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Lack of finances could lock Kenya out of Paris deal on zero carbon emissions

By Steve Umidha

More than half of African companies including Kenya are delaying their energy transition targets, leaving them in danger of missing the Paris Agreement target of net zero carbon emissions by 2050, new research from Standard Chartered shows.

Lack of financing has been cited as the biggest barrier to committing to the crucial deal among African companies, with a handful behind the Paris Agreement.

“A successful net-zero transition must be just, leaving no nation, region or community behind and, despite the hurdles, action needs to be swift. We must act now,” said Bill Winters, Group Chief Executive of Standard Chartered.

The research also reveals what business leaders about 90 per cent believe that an effective global carbon tax, based on a carbon price that reflects the true cost of climate change, would help transition.

“Without the financing, it’s hard to have that incentive,” said Damilola Ogunbiyi, special representative of the U.N. secretary-general for Sustainable Energy for All, noting investment in low-carbon energy systems in Africa had lagged, according to reports by Reuters.

Indeed, executives are blaming the coronavirus pandemic that has forced many businesses in the region to focus on immediate survival: A whopping 80 per cent (85 per cent globally) of African senior executives say the pandemic has delayed their company’s net-zero transition.

Of its 54 countries, only South Africa has set a net-zero aim – and failure to revamp policies to benefit from a global low-carbon shift may mean Africa misses out on investment.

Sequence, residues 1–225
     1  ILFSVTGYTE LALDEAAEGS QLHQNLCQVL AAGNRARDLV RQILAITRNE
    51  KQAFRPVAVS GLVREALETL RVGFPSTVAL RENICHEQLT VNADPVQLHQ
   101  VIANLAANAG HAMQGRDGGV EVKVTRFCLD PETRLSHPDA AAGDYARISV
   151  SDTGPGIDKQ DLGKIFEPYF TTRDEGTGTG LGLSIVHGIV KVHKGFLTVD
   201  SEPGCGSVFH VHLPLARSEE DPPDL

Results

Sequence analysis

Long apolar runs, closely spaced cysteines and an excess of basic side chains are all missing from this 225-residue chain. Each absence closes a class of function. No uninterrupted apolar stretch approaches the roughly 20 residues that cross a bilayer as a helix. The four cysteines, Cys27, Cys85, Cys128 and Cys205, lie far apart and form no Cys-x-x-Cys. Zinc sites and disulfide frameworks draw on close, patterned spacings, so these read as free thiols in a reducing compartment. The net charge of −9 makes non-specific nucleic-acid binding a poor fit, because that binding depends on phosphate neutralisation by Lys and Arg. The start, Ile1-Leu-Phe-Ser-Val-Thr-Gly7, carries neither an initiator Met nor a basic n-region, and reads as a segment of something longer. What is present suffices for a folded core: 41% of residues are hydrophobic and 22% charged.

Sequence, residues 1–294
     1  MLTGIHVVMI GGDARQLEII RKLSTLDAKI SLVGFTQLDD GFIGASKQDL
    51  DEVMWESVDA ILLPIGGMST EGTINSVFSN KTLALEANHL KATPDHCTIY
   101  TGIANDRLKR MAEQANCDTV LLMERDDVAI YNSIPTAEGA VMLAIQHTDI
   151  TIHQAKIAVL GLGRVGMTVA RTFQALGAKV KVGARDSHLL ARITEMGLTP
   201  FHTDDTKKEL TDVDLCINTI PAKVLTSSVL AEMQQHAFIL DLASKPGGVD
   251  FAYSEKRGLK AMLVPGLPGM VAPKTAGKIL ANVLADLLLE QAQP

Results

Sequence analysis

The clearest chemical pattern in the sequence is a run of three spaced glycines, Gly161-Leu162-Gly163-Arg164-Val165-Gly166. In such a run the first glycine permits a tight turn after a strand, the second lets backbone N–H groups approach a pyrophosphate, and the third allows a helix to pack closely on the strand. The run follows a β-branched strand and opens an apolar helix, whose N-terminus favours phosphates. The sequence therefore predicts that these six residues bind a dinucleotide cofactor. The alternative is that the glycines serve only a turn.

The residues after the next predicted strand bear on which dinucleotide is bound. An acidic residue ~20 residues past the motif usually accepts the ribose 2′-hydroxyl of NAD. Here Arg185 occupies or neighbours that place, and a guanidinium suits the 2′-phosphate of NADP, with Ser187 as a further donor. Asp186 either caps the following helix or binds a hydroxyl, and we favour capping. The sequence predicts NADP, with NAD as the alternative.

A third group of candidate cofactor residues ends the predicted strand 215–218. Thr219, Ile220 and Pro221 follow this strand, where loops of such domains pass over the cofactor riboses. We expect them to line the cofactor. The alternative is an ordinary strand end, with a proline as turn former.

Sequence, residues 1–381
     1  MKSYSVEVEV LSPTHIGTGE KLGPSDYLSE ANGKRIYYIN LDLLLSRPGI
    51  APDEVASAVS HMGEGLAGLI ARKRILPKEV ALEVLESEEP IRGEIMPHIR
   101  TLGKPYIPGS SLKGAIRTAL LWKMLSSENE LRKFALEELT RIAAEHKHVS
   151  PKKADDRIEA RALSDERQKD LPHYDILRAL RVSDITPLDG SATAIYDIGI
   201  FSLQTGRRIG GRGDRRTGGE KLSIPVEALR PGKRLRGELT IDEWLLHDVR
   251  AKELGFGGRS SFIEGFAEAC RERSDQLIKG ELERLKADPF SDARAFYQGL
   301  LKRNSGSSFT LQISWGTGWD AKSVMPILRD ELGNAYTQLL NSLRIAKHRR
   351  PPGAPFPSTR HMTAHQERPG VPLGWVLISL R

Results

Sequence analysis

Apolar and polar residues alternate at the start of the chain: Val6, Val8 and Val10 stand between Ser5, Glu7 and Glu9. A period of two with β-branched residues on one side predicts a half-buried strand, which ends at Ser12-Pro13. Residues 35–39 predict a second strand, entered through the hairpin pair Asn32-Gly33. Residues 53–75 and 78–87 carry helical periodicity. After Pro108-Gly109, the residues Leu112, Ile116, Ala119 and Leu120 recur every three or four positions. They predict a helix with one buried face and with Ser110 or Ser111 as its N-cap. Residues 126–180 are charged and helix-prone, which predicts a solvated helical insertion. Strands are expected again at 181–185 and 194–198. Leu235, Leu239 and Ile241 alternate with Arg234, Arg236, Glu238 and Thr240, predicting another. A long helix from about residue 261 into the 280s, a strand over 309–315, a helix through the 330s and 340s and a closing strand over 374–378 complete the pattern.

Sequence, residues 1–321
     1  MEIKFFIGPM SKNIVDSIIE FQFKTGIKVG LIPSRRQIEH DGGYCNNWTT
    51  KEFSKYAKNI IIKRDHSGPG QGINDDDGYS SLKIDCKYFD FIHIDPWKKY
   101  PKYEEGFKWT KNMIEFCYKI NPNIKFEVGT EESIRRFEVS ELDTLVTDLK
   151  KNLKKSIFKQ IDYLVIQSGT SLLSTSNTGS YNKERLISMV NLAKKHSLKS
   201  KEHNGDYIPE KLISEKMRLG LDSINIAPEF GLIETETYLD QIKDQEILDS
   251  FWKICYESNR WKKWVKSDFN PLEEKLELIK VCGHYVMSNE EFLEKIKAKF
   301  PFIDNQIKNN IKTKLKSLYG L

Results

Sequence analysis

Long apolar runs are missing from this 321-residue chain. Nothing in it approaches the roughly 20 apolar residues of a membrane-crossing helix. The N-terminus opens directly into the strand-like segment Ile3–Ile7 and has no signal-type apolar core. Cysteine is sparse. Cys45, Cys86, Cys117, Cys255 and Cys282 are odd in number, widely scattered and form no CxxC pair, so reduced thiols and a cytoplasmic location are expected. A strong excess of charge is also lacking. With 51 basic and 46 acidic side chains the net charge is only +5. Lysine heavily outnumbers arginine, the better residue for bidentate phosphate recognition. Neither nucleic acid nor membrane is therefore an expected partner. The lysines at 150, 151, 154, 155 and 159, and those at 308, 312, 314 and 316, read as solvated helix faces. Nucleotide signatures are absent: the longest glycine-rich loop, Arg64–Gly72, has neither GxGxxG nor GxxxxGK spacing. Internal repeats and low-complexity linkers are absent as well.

The report released yesterday found that a good number of companies are delaying transition because they do not feel they are currently equipped to meet the target. Some 78 per cent said they need extensive organizational change before tackling net zero.

In Kenya for instance, it is reported that some farmers were promised payments for changing their practices to store more carbon in their soils and farm trees – but as the market price for carbon collapsed, they received little reward for their efforts

A lack of finance isn’t the only hurdle companies in Africa face on the road to 2050. Seventy-two per cent believe a lack of consensus on net zero definitions and targets is hampering progress, while the same percentage (60 per cent globally) say a lack of support for net zero transition from their organisation’s investors is a significant barrier to net zero.

Zeronomics, a study into the financing of a net zero world, surveyed the senior leadership of 250 large companies and 100 investment specialists around the world between September and October 2020. Zeronomics examines the economics of transitioning to a net-zero carbon future.

But officials from the continent noted that with sub-Saharan Africa currently producing less than 4 percent of global emissions, “carbon-cutting” goals have limited relevance, with most African nations focused instead on creating jobs and economic growth.

With international investment already lacking in Africa – and some countries burned by disappointing promises of cash from sluggish carbon markets – many African countries are struggling to see net-zero policy as a priority.

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